This is the 87th Messier Object for my catalog and the second to the last Virgo Galaxy (M61 is the last). 

Wide Field

Interesting Frame

M49 Crop

M49
Location: Happy Frog Observatory, Monroe, CT
Date: 6-11-17
Camera: Canon EOS Rebel T3i(a), Backyard EOS
Telescope: Orion ED80 80mm f/7.5 Apochromatic Refractor Telescope
Barlow: None
Focal Length: 600mm
f/7.5
Focal Reducer: Orion 0.8x Focal Reducer for Refractor Telescopes
Mount: Orion Sirius EQ-G GoTo Telescope Mount
Filter: Astrodon UV/IR
Autoguiding: QHY-5L-II-M attached to an Agena 50mm Guide Scope with Helical Focuser
Exposure: 54 x 90s
ISO: 1600
Temp: 24 C
Post Processing: Deep Sky Stacker, Photoshop, Lightroom, Gradient Exterminator, Astronomy Tools, StarTools.
https://kurtzeppetello.smugmug.com/

Tuesday, June 6, 2017

M102 - Spindle Galaxy

I was finally was able to do some imaging.  Since the moon was near Virgo, I pointed the telescope in the other direction and finished the last of the Messier objects near the Big Dipper.

M102 (NGC 5866), also known as the Spindle Galaxy, is an edge-on lenticular galaxy located in the northern constellation Draco at a distance of 50 million light years from Earth.  This is a circumpolar galaxy and never sets below the horizon North of 35 degrees. Also of interest, the north celestial pole passes within a degree of M102 every 25,800 years. The galaxy last marked the location of the pole about 6,900 years ago, in 4900 BC, and will do so again in 18,900 years, around 20900 AD (source: Messier Objects).

This is 86 Messier objects and counting...

Crop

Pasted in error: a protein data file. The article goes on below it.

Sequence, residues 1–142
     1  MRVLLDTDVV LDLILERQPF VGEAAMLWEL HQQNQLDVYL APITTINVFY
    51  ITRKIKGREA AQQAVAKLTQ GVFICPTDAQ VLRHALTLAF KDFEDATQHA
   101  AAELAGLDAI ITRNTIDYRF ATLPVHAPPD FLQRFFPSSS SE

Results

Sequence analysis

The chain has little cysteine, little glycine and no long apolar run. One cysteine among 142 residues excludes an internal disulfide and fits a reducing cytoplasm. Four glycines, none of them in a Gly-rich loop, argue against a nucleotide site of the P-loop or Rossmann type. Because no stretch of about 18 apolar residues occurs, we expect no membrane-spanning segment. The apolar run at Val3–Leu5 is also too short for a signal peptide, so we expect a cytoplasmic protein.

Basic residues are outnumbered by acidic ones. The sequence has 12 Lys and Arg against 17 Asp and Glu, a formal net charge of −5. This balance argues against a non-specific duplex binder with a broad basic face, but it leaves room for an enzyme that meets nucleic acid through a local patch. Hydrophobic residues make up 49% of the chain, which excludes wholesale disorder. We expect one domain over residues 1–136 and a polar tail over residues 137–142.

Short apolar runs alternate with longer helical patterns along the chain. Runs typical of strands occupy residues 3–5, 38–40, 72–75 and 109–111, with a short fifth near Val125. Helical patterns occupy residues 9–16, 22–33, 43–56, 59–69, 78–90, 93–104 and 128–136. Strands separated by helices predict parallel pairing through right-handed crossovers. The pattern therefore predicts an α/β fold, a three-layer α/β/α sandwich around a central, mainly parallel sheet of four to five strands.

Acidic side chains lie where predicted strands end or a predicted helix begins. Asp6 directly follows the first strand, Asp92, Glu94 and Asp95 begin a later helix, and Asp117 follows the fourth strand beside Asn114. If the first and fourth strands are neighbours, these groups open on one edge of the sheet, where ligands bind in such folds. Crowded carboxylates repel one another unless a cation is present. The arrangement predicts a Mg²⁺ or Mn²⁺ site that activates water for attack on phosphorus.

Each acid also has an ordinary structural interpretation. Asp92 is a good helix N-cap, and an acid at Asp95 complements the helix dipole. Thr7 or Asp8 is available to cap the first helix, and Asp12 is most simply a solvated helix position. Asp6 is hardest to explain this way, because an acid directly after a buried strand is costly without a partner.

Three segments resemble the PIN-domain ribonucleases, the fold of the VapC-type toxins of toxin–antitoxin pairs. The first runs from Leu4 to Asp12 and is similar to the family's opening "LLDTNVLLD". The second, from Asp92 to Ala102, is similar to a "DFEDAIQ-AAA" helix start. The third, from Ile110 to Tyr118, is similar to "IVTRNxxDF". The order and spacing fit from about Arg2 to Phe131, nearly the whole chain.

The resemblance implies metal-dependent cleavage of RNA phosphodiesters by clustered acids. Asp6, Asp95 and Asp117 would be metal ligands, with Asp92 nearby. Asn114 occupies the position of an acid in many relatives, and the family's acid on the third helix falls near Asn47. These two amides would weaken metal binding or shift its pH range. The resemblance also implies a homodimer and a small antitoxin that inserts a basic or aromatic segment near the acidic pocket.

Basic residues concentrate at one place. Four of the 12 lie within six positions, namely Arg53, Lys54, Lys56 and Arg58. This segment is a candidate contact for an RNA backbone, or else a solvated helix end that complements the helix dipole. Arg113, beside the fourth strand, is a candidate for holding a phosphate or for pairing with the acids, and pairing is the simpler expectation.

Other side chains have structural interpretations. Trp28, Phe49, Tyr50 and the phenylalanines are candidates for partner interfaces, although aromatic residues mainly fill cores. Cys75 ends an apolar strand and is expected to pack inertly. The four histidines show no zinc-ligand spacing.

Wide Field

M102
Location: Happy Frog Observatory, Monroe, CT
Date: 6-1-17
Camera: Canon EOS Rebel T3i(a), Backyard EOS
Telescope: Orion ED80 80mm f/7.5 Apochromatic Refractor Telescope
Barlow: None
Focal Length: 600mm
f/7.5
Focal Reducer: Orion 0.8x Focal Reducer for Refractor Telescopes
Mount: Orion Sirius EQ-G GoTo Telescope Mount
Filter: Astrodon UV/IR
Autoguiding: QHY-5L-II-M attached to an Agena 50mm Guide Scope with Helical Focuser
Exposure: 43 x 90s
ISO: 1600
Temp: 18 C
Post Processing: Deep Sky Stacker, Photoshop, Lightroom, Gradient Exterminator, Astronomy Tools, StarTools.
https://kurtzeppetello.smugmug.com/

Wednesday, May 31, 2017

M88 and M91

Along with M85, imaged on the same night, these were the last two Messier objects in the Virgo Cluster of galaxies I was able to image.  I am looking forward to shooting other objects such as nebula and clusters again.

M88 (a.k.a. NGC 4501) is a spiral galaxy about 50 to 60 million light-away in the constellation Coma Berenices.  It is one of the fifteen Messier objects that belong to the Virgo Cluster of galaxies. Interestingly, M88 seems to be on an elliptical orbit that is carrying it toward the cluster center, which is occupied by the giant elliptical galaxy M87.  M91 (a.k.a. NGC 4548 ) is a barred spiral galaxy located also in the Coma Berenices constellation and  is about 63 million light-years away from the earth.

Processing theis image proved more difficult as the subtraction method that I have been using on most of the other Virgo galaxies was giving me good results so I went back to Gradient Exterminator to remove the gradients and some of the noise.  M88 and M91 represent the 83rd the 84th Messier Object I have captured.


Wide Field